I have yet to write a goodbye letter to a country, but for you, I will do just about anything.
When we began our planning for this big adventure, YOU were the place I longed to see. YOU were the place I wanted to experience. YOU were the place I wanted to love. And, oh Greece, YOU did not disappoint. Not one bit.
We began our adventure with you in Athens where democracy literally began. We saw your ancient ruins and temples to the Greek Gods, and although your temples did not compare to Egypt, the sights were still breathtaking. How lucky we are that we have now seen how the Egyptians, the Romans AND the Greeks used to live their lives and build their cities.
After Athens, we took a three-hour ferry ride to the island of Paros, Greece. Paros is literally what you pin on your Pinterest boards. It’s the dream you have when you plan for your beach vacations. It’s magic.
Your white houses and your colored doors; your white sand, your water that is so blue it *almost* hurt my eyes, your fresh veggies and fruit stands, your kind locals, the relaxed way about you. The ouzo. The fish. The sunsets. The windy cobblestoned streets. Your little boutiques. Your happy hours. Swimsuits all day.
Thank you for being exactly who you are. Beautiful but approachable. Loud, yet content. Fresh, yet simple.
If I could claim myself as Greek, I would in a heartbeat. In fact, we were told by another couple that we almost passed for a Greek family, “until the mom opened her mouth and started talking.” Haha!
Some of the places we visit, I know for certain I will never return. But it’s different with you. I know for certain I will return again and again and again.
– Lee Anne
Opa! Your expression is a lot of fun to say. I’m encouraging any of my friends reading this to try it. If shy, find a quiet, out-of-the-way place to practice. Say it out loud with some gusto. OPA! Again…OPA! Now for the guys out there, twirl around in the traditional fustanella and stomp your feet on the floor (Okay okay, I’ve taken it too far…).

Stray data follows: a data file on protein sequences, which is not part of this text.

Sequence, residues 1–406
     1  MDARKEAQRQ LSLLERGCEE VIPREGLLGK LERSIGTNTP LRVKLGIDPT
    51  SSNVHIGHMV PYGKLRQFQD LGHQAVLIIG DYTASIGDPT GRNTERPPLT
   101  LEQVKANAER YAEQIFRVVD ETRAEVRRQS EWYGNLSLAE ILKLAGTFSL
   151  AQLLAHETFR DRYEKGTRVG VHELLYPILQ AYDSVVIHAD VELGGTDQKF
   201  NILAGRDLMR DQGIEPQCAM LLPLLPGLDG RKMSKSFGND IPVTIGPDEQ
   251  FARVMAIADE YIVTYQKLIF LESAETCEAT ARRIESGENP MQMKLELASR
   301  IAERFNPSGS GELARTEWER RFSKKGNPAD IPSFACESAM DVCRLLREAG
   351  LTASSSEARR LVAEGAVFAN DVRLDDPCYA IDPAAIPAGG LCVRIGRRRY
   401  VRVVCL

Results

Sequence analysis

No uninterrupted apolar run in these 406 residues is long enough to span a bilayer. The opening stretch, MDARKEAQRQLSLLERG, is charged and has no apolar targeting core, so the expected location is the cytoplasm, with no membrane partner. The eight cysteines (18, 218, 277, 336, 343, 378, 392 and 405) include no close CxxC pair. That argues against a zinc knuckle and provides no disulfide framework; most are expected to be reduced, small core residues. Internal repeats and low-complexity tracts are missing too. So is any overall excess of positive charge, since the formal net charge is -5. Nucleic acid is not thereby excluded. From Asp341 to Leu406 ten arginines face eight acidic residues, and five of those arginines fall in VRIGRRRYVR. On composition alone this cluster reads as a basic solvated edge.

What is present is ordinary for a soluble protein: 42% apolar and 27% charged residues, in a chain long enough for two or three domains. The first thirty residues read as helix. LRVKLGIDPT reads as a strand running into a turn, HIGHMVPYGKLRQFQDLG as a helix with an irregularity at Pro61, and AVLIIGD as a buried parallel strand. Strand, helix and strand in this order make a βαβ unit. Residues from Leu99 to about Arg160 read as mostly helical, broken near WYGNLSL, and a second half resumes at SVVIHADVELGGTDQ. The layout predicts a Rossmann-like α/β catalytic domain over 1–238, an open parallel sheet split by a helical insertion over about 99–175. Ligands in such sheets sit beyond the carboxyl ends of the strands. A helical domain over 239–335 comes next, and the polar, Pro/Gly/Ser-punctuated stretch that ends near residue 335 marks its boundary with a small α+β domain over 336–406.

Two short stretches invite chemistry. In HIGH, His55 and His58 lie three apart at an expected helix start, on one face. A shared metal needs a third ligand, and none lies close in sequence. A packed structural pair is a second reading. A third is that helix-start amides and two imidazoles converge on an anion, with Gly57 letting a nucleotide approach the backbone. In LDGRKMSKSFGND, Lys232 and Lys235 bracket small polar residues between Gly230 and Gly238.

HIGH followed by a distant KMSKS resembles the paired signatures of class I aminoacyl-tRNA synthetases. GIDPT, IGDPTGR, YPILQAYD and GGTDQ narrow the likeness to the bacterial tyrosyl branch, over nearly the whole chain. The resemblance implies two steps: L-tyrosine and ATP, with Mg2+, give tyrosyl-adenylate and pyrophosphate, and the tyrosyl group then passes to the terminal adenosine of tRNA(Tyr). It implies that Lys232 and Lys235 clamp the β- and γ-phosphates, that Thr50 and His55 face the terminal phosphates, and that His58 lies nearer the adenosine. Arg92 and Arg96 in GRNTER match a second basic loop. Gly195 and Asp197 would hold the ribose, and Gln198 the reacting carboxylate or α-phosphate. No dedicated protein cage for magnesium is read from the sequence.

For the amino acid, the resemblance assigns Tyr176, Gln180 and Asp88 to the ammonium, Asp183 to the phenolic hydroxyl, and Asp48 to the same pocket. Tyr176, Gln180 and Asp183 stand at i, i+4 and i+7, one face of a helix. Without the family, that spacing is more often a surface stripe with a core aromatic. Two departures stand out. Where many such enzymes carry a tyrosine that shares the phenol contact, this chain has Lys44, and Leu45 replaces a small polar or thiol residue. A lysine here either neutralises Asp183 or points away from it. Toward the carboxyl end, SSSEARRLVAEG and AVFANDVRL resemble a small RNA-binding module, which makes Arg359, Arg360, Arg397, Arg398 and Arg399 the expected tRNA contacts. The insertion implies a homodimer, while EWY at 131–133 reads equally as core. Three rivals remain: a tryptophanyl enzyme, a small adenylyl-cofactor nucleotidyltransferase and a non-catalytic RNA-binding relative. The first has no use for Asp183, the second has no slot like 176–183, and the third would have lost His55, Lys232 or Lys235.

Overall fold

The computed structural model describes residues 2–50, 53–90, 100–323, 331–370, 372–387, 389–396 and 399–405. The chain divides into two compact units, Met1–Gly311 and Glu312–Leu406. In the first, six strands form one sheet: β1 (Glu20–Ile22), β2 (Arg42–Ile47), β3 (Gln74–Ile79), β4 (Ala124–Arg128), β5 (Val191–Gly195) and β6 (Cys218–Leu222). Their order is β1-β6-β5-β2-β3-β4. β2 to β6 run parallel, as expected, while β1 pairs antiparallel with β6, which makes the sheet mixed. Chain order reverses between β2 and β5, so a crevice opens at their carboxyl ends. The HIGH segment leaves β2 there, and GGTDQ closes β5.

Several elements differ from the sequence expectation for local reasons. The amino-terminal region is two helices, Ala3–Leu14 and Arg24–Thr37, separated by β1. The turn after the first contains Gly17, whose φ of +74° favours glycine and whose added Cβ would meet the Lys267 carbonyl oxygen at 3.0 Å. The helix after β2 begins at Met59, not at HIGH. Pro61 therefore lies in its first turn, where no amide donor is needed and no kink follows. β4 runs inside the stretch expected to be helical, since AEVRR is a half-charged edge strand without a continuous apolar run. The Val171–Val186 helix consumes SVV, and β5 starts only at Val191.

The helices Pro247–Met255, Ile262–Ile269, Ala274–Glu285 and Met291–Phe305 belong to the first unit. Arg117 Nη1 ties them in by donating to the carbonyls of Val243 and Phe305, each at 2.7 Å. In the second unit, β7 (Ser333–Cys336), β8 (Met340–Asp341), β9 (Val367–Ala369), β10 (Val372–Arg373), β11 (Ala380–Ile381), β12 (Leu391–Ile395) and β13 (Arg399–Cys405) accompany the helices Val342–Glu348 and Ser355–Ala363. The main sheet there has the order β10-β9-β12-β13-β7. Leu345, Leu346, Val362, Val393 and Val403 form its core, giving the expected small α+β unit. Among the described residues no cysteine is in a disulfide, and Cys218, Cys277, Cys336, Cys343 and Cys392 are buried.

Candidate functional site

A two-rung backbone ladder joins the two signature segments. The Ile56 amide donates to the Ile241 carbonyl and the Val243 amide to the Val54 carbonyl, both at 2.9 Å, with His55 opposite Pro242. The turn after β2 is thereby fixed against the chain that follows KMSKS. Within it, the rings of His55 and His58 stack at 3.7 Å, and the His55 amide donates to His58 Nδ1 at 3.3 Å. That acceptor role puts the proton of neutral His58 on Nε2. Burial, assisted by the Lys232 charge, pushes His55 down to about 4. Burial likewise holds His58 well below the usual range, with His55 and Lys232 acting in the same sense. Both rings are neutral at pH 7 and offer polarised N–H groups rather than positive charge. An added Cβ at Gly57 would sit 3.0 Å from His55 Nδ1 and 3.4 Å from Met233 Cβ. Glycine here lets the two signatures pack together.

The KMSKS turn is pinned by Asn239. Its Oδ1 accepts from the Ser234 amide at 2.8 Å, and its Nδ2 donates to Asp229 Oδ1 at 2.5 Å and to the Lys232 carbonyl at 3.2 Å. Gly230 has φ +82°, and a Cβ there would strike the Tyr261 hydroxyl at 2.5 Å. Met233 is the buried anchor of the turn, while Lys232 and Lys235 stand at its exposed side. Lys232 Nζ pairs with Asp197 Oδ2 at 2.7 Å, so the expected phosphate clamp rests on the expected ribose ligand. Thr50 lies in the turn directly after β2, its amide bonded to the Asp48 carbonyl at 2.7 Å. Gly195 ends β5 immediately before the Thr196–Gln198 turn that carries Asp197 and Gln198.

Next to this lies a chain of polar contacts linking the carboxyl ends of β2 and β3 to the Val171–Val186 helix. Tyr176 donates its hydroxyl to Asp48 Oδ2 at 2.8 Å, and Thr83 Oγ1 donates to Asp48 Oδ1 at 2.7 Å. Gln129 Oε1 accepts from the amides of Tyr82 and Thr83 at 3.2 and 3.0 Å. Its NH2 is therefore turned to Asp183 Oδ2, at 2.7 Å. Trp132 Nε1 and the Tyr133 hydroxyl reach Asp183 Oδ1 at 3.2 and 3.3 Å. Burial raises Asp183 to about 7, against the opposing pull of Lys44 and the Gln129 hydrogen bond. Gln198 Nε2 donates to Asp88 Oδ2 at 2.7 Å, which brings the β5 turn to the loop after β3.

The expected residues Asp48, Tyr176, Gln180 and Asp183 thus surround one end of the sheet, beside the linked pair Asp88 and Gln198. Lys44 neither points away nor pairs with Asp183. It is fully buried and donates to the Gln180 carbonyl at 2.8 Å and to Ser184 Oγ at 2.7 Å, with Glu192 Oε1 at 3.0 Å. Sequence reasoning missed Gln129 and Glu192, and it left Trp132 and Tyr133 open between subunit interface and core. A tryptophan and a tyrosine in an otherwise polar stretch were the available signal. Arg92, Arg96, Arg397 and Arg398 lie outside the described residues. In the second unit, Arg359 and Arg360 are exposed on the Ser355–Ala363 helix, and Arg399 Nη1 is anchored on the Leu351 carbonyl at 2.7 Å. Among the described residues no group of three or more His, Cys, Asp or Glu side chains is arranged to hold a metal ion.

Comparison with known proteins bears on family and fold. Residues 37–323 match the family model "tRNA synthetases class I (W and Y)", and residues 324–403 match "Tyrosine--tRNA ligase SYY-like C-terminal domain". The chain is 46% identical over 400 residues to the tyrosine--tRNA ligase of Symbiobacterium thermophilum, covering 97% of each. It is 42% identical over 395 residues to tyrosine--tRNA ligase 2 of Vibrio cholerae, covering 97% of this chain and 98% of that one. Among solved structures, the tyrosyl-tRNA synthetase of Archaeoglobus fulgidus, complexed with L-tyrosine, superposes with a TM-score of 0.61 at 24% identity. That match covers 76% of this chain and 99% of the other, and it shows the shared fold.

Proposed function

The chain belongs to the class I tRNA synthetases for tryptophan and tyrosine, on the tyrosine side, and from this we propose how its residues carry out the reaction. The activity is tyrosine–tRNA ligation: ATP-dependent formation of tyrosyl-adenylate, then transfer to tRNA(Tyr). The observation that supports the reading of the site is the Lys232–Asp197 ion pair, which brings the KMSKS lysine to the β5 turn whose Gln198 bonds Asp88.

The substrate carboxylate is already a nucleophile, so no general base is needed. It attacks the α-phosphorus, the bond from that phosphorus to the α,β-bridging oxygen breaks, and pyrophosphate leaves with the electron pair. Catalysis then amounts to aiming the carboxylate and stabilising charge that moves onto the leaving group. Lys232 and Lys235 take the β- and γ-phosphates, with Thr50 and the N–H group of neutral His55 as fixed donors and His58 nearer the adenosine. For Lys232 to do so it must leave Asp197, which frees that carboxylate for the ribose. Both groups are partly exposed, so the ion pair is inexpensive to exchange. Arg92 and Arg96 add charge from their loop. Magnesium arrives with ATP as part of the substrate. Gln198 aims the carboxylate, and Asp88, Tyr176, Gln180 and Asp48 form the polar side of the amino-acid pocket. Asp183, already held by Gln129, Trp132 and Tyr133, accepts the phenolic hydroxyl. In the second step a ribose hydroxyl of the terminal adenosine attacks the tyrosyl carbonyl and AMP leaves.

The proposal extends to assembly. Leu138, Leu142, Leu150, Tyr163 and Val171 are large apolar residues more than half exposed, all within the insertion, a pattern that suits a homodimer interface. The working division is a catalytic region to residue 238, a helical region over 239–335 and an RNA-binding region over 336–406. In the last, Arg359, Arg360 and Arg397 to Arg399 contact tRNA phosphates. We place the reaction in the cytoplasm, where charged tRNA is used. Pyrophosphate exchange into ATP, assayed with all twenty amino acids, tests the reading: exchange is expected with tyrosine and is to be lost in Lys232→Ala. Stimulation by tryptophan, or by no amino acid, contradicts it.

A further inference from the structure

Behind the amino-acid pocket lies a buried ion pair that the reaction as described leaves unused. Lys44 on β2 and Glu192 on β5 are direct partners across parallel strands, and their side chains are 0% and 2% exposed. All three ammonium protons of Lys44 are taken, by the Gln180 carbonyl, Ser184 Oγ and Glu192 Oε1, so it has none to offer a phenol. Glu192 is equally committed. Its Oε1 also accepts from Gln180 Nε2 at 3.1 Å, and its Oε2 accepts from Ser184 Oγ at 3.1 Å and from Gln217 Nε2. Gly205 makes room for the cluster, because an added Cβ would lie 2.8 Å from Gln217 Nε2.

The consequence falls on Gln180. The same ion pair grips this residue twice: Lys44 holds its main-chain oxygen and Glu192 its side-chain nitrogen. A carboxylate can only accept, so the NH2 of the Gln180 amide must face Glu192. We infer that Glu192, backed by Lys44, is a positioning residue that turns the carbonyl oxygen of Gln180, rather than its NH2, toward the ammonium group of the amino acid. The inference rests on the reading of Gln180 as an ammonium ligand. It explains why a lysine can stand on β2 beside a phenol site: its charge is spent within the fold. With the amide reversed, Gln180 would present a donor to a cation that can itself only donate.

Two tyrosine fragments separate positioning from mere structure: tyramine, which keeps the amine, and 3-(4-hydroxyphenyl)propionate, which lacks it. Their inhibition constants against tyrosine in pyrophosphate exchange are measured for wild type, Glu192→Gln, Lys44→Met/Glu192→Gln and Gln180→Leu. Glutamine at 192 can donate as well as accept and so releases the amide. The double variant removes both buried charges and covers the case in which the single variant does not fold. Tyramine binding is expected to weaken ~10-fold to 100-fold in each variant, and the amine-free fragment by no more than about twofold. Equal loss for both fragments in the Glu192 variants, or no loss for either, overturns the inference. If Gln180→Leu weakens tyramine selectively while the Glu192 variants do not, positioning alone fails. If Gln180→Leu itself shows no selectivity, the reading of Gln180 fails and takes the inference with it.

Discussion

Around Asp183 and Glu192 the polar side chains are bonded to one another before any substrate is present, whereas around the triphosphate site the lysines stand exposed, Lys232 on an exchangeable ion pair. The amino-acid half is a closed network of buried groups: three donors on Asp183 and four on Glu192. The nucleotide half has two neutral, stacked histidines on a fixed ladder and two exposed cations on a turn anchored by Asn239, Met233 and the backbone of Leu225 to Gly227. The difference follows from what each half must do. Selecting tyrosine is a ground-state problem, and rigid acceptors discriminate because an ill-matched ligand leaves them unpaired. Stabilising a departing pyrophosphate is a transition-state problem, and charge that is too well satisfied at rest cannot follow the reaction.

See, it is a lot of fun to be Greek. But you already know that. A high compliment to you is we may have found our favorite down-to-earth, normal kind of place. Life is simple in Greece, especially on the islands, and a simple life ain’t a bad life.
Before explaining more about the simple life, I want people to know about your glorious past that surrounds us every day. To know Greece, you must start with the history. There is not enough time, but we learned all about the birthplace of democracy, the mythology of the gods, the origins of the Holy Trinity (note: Christianity didn’t start the idea of a sacred trinity), the ancient and modern Olympics, Paul’s journey throughout your lands, the Stoics (more below), Homer, Plato, Aristotle and of course Socrates. In modern times, you claim to be the first in a lot of areas, like medicine, but we know the ancient Egyptians taught you most of what you claim. You just made it better. That’s OK, you have made more than enough contributions to our modern world. Off the top of my head, our debates, geometry, justice (trial by jury), astrology, biology and lighthouses are just a few of your legacies that live on with the same truth today as in your past. Your ancient civilization proves that when times are good and peace is lasting (at least near home) you can dream and grow and flourish. Why is this concept so hard to accept for so much of this big world?
The second part of our Greek adventure was spent in the lovely Paros, one of 6,000 islands in total. I’m not sure which island is best since we only experienced one on advice from a friend. I’m sure Mykonos and Santorini are also spectacular. Note to self: next trip.
The beauty of Paros is off the charts. I had an expectation before I arrived since you’ve been on my list to visit for most of the past twenty years. In my mind, I envisioned narrow cobblestone streets surrounded by blue doors and white buildings with great cafes, easy-going people and a relaxed environment. Your feta, souvlaki, meatballs, bread, tomatoes, saganaki and tzatziki were off the charts. Same with the Ouzo (the perfect digestif!). You were exactly as I imagined. The beaches were white, warm and water came only slightly above my knee for hundreds of meters. The weather was perfect. Your reputation for arguing among friends proved true, however, I never thought anyone was truly angry. There seems to be an occasional friendly misunderstanding that involves shouting.
The grind of travel was real and after 18 days in Egypt, Israel and sightseeing in Athens, so the downtime in Paros was good for relaxation and reflection (the former is especially difficult for me to achieve). I read two books, The Alchemist by Paulo Coelho and The Obstacle is the Way by Ryan Holiday. Both were profound in their content and timeliness. Holiday’s book is about stoic wisdom and is worth the read if you have any interest. Currently, I’m practicing what the Greeks call apatheia. It’s hard, just like this journey, but it is the journey and change that makes all of this worth it.